(Offered as HIST 321 [EUP] and EUST 321) The economic history of pre-modern Europe is usually understood as the singular and exceptional rise of the first modern economy. Yet recent research in economic history and shifts in the world economy have provided new perspectives to reconsider the rise of the European economy. From this long-term and global viewpoint, the story of Europe’s economic take-off becomes the remarkable story of a backwater that became mainstream. How was Europe able to reposition itself from a periphery of the Eurasian economy to a central node of the global economy? What drove Europeans further and further into the East and how did their incursion disrupt previous trade networks and practices? How did the exports and imports of Europe change as their relation to the world economy changed? By considering these questions, the course will cast the familiar histories of the rise of the Carolingians, the course of the Crusades, and the Age of Discovery in new light. We will situate the economic take-off of Europe in the context of the transformation of the world economy. Course materials will include past travel logs, eyewitness reports, and customs receipts, as well as the analysis and synthesis of modern historians. Two class meetings per week.
Omitted 2017-18. Professor Cho.
2016-17: Not offered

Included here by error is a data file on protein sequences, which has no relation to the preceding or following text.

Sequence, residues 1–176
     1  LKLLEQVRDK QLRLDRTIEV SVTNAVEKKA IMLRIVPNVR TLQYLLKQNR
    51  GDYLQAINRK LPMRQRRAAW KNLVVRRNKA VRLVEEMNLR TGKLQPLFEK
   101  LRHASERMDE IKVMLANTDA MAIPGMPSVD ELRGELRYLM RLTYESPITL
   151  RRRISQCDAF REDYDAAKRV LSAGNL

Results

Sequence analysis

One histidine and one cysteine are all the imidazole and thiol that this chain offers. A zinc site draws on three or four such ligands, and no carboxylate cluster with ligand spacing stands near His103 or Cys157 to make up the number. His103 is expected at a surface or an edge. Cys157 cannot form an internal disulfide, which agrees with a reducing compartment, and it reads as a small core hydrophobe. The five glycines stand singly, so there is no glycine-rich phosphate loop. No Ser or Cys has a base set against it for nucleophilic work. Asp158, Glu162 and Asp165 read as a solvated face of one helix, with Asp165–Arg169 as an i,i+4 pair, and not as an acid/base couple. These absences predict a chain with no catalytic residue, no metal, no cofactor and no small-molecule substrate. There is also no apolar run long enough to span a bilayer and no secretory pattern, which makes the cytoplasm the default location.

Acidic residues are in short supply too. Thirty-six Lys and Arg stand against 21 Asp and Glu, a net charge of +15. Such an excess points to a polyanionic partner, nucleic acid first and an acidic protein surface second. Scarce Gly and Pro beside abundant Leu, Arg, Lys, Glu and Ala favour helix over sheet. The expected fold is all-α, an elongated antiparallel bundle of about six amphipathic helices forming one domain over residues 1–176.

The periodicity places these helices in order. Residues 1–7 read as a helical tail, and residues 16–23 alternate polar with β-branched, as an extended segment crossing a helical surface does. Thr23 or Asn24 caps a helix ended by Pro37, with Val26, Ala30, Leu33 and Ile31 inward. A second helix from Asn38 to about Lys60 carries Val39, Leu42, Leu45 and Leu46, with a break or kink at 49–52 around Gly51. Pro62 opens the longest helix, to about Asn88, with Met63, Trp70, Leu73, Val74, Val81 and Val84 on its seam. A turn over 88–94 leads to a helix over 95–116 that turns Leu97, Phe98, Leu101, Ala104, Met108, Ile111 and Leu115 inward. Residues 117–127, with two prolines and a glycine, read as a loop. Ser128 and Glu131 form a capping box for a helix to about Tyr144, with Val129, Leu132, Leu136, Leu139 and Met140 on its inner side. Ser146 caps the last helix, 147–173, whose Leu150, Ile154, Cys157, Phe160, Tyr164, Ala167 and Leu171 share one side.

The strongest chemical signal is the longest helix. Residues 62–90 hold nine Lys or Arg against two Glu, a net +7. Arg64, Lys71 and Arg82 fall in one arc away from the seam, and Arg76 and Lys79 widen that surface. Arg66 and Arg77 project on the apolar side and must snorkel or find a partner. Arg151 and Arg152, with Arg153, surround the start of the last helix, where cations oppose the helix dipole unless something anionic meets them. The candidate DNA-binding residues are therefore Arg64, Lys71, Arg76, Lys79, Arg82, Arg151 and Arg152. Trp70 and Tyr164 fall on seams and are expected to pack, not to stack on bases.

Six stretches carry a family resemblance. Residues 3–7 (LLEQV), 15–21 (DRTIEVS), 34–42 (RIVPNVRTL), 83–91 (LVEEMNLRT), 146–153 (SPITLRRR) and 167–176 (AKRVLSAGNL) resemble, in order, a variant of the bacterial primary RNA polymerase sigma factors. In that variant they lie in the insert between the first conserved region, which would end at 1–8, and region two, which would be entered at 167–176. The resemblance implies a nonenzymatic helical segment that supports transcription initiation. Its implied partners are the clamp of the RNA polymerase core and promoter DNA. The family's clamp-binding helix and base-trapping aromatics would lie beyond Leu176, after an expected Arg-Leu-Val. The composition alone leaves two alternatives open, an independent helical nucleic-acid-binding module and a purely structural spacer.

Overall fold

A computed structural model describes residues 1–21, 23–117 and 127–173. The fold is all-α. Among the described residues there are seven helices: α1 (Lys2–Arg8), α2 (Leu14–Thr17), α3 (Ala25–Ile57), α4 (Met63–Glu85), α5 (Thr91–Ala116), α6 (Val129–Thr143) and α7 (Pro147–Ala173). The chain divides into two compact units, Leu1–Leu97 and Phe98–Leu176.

(Offered as HIST 325 [US] and EUST 325) Seventy years on, World War II remains a point of rupture, an “hour zero,” in histories of Europe, Germany and the modern world. Rather than fading into the memories of our past, the Second World War has grown in the public imagination, spurring a deluge of films and books on the experiences of combat, loss and survival. Considered the most total conflict of world history, World War II wrought unparalleled destruction upon both soldiers and civilians across three continents. The Nazi regime turned the conflict into the most horrific war in European history, resorting to genocidal methods in their “war of annihilation” against European Jews. States harnessed levels of social mobilization and personal commitment to an extent not seen before or after. Through scholarly texts and original artifacts, this seminar explores the relationship between the destructive capacity of war and the effects on those who produce, are subject to, and must come to terms with its experience. The course focuses on the diverse experiences of the people who were involved in the war: soldiers on the battlefields; women mobilized into new roles at home and on the frontlines; children whose lives were shaped by new strategies of survival and/or given purpose by the war effort; colonial troops who both fought for Europe’s empires and against colonialism; European Jews who faced “impossible” choices in the path to genocide; and individuals for whom the war provided new opportunities to transgress boundaries of community surveillance, state and sexuality. The course will focus on topics including: the social, economic, ideological and sexual complexities of wartime occupation; population movement and displacement; domestic mobilization; and the Holocaust. Two course meetings per week.